Not applicable.

3.6 Calculation of other thresholds

3.6.1 The principles for calculation of metrics for other thresholds (e.g. transaction value, market share, share of supply etc.)?

Not applicable.

3.7 Special rules

3.7.1 Do any special rules or principles apply to the calculation, allocation etc. of turnover, assets etc. for specific undertakings (e.g. State-owned undertakings, investment funds, credit and financial institutions, insurance companies, financial holding companies, others)?

There are specific rules of calculation for undertakings performing financial services, as well as insurance and reinsurance companies.

Concerning undertakings performing financial services, their turnover is calculated as a sum of: (i) turnover from interest and similar turnover; (ii) turnover from securities (turnover from stocks and other securities which have fluctuating yield, turnover from shares with the undertaking, turnover from stocks in affiliate companies).

Concerning insurance and reinsurance companies, their turnover is calculated as the sum of premiums paid on insurance and reinsurance contracts concluded by, or on behalf of such companies, net of tax payable on the premium amount per single contract, or the total amount of premiums.

3.7.2 Does any exemptions apply?

Not applicable.

1. Practical information

1.1 Responsibility for filing

1.1.1 The parties responsible for filing?

In case of acquisition of sole control, the acquirer is responsible for filing.

In case of acquisition of joint control or a merger creating a new entity, the notification must be jointly submitted.

1.2 Deadlines for filing

1.2.1 Are there any mandatory deadlines for filing, and, if so, how these are calculated?

The mandatory deadline for filing of merger notification is 15 calendar days after the conclusion of an agreement or contract, announcement of public invitation, i.e. bid or closing of public bid, or acquisition of control whichever happens first.

1.2.2 Are there any sanctions for not filing within the deadlines?

There is a procedural penalty for late filing ranging from EUR 500 to EUR 5,000 for each day after the deadline elapses (this penalty is capped at 10% of the total annual turnover generated by the responsible party. Although the law does not specifically prescribe whether the turnover to be taken into account would be global or local turnover, in line with the Serbian competition authority’s previous practice and Serbian Competition Law’s provision concerning the issuance of competition fines, it would presumably be local turnover.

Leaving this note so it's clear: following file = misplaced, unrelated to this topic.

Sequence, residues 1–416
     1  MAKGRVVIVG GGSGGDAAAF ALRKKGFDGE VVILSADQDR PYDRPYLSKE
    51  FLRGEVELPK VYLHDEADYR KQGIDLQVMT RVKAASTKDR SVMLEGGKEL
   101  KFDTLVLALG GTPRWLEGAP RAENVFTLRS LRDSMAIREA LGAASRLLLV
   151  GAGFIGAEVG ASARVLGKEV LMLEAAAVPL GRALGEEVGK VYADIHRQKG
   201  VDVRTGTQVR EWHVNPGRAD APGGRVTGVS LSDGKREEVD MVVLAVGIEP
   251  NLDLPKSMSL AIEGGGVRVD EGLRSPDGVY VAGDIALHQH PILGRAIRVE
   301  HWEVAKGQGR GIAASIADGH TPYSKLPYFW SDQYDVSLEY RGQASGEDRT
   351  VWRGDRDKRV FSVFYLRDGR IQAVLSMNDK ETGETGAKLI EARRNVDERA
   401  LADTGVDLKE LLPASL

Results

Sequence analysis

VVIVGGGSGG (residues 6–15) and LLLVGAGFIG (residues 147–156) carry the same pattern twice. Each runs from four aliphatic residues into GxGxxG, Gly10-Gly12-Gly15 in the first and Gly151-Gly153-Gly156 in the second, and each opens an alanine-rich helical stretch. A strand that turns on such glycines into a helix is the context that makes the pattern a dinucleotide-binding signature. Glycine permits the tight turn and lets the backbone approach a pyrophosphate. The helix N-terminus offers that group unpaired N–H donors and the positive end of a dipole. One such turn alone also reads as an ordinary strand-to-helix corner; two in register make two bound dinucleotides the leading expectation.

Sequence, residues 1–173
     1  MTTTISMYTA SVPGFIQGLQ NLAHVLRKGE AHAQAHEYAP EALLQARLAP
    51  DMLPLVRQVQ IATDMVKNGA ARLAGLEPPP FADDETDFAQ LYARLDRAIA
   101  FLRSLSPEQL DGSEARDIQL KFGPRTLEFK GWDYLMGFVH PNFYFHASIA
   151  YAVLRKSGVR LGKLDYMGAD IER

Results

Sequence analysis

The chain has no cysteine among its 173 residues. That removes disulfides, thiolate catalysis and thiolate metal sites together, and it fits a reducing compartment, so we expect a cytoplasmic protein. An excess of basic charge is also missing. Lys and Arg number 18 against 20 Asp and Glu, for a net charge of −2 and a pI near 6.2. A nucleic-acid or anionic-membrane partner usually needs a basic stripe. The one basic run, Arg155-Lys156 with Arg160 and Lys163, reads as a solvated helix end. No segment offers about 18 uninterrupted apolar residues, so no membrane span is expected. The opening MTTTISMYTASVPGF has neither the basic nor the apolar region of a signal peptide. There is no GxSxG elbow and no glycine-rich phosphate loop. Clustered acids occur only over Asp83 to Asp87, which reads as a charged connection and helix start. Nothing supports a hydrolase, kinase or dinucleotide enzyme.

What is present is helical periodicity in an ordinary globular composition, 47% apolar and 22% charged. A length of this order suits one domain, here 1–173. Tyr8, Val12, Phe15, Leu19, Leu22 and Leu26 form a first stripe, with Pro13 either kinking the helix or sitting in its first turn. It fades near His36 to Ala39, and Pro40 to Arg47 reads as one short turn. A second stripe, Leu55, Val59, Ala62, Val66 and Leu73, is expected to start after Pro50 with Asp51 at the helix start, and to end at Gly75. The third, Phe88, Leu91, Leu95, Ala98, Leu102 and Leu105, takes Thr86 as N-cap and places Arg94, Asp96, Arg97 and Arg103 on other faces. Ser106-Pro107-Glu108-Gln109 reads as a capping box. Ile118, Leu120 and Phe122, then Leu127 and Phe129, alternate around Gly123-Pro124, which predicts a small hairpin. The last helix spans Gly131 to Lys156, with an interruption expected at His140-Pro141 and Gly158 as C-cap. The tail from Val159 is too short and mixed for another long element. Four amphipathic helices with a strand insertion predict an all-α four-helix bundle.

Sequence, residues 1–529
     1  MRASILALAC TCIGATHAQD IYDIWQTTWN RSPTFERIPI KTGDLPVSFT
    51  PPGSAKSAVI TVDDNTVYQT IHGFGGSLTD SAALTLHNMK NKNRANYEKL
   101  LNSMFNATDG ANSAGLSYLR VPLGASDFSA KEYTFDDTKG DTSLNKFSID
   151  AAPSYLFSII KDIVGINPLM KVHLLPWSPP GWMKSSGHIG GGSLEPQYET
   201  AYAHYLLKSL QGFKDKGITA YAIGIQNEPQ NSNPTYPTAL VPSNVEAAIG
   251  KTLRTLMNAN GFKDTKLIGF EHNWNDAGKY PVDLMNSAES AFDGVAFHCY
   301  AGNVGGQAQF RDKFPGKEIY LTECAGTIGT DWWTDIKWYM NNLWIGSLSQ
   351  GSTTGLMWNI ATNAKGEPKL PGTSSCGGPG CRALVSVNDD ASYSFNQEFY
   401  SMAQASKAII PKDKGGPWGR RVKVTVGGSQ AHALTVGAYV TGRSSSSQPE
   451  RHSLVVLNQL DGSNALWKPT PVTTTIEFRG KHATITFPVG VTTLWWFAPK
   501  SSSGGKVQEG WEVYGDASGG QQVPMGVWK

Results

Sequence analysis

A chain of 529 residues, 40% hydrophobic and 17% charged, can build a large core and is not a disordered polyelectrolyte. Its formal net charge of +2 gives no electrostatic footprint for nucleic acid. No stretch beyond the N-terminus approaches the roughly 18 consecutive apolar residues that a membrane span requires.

1.3 Early filing

1.3.1 Is it possible to file before the signing of merger agreement?

Notification may be made where the undertakings concerned demonstrate a good faith intention to conclude an agreement by signing a letter of intent or in any other manner or, in the case of a public bid, where they have publicly announced an intention to make such a bid, provided that the intended agreement or bid would result in a notifiable transaction.

1.4 Filing fees

1.4.1 Are there any fees for filing, and, if so, please describe how such fees are calculated?

There is an initial filing fee of 0.03% of the global annual turnover of all parties to the concentration (but this cannot exceed EUR 25,000). The fee for Phase II decision amounts to 0.07% of the global annual turnover of all parties to the concentration (but the total fees for phase I and II cannot exceed EUR 50,000).

1.4.2 When must the filing fee must be paid?

Not applicable.

1.5 Publicity

1.5.1 When and in which format will the authority publish receiving a notification?

The authority will not publish the receipt of the notification; however, it will publish the non-confidential version of the clearance on its website.

1.5.2 How will the authority in general handle the case publicly, e.g. will it usually comment in the media, send out press releases etc.?

As the authority does not publish the receipt of the notification, the general public is usually excluded from the process of assessment of a concentration. The public is usually informed by publication of the final decision (Phase I) or by publication of the decision on initiation of Phase II proceedings.

1.5.3 Will third parties be able to review the notification?